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Spectrum of CT Findings in Nosocomial Pseudomonas aeruginosa Pneumonia

Shah, Rosita M. M.D.; Wechsler, Richard M.D.; Salazar, Ana M. M.D.; Spirn, Paul W. M.D.

Original Articles
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The purpose of this study was to evaluate CT findings in nosocomial Pseudomonas aeruginosa Pneumonia (PAP) and to compare features of PAP in patients with isolated P. aeruginosa cultures and those with coexistent infections. A retrospective database search revealed 28 patients with nosocomial PAP (12 men, 16 women; mean age, 57 years) in which thoracic CT had been performed within a mean of 1.7 days from the time of respiratory culture. Two chest radiologists blinded to culture data performed a consensus reading noting distribution and pattern of consolidation, ground-glass opacity, nodules, peribronchial infiltration, necrosis, effusions, and pleural enhancement. Coexistent respiratory cultures were recorded. Consolidation was present in all patients, involving multiple lobes in 23 (82%) and demonstrating upper zonal involvement in 23 (82%). Nodular features were present in 14 (50%), including tree-in-bud patterns with centrilobular distributions in 9 (64%) and larger, randomly distributed nodules in 5 (36%). Five of five patients with consolidations limited to the lower lung zones had associated upper lung nodules. Ground-glass opacity was seen in nine (31%) and peribronchial infiltration in 16 (57%). Necrosis was present in eight (29%). Thirteen (46%) bilateral and five (18%) unilateral pleural effusions were present with enhancement occurring in two (1%). Coexistent positive respiratory cultures were identified in 13 patients. The distribution of consolidation, frequency and distribution of nodules, and frequency of necrosis did not differ significantly between patients with and without other positive cultures. With CT, PAP most commonly presents with multifocal airspace consolidation. Nodular features were identified in half, with one-third demonstrating tree-in-bud opacities. Unsuspected necrosis occurred in one-third of cases. CT findings in patients with and without other respiratory isolates did not differ in the distribution and frequency of consolidations, nodularity, or necrosis.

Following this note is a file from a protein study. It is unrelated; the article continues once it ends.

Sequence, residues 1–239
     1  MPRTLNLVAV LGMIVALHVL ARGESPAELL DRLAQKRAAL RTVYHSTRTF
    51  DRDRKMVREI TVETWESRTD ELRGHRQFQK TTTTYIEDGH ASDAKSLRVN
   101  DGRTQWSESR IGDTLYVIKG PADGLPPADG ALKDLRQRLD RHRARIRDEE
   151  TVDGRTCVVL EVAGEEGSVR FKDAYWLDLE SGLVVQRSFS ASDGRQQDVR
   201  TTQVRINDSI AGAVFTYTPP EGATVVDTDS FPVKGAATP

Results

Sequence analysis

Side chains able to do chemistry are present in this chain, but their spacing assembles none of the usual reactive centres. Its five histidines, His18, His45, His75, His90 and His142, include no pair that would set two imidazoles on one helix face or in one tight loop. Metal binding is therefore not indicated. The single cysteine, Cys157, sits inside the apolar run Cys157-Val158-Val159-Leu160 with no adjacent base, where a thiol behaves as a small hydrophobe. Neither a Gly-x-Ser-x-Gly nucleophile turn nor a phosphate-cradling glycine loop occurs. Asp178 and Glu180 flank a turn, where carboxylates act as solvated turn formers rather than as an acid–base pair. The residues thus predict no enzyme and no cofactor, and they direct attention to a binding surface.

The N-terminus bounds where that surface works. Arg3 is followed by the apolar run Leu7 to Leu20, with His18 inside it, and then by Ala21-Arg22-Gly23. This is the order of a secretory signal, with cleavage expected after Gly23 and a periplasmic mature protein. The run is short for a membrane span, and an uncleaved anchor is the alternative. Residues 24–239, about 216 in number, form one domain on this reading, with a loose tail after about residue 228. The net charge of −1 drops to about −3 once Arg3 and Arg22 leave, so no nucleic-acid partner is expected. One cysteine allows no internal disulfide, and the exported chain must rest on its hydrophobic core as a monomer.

From the Department of Radiology (R.M.S., R.W., A.M.S.), Thomas Jefferson University Hospital Philadelphia, PA, and the Department of Radiology (P.W.S.), Brigham and Women's Hospital, Boston, MA.

Address correspondence to Rosita Shah, M.D., 111 S. 11th Street, Suite 3390 Gibbon, Philadelphia, PA 19107.

© 2002 Lippincott Williams & Wilkins, Inc.